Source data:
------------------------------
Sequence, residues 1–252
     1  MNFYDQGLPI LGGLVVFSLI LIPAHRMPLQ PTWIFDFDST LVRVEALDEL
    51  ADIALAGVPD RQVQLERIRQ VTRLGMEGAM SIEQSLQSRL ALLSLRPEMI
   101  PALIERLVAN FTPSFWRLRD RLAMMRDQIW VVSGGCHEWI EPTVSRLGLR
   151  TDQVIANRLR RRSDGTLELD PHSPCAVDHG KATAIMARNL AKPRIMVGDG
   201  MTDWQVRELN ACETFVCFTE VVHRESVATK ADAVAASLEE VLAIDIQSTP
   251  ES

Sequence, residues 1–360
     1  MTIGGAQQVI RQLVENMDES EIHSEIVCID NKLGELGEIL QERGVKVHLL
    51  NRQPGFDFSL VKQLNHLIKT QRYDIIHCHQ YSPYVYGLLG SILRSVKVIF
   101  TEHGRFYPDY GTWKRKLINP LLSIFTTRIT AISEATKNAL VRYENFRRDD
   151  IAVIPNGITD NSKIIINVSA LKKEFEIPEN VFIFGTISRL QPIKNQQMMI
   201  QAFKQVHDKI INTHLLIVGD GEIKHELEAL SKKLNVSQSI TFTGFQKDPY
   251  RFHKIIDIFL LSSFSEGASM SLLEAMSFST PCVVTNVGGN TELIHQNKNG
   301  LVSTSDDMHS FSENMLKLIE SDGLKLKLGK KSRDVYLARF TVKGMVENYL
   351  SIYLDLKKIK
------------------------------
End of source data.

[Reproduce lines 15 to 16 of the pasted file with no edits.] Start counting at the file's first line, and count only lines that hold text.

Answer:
   301  LVSTSDDMHS FSENMLKLIE SDGLKLKLGK KSRDVYLARF TVKGMVENYL
   351  SIYLDLKKIK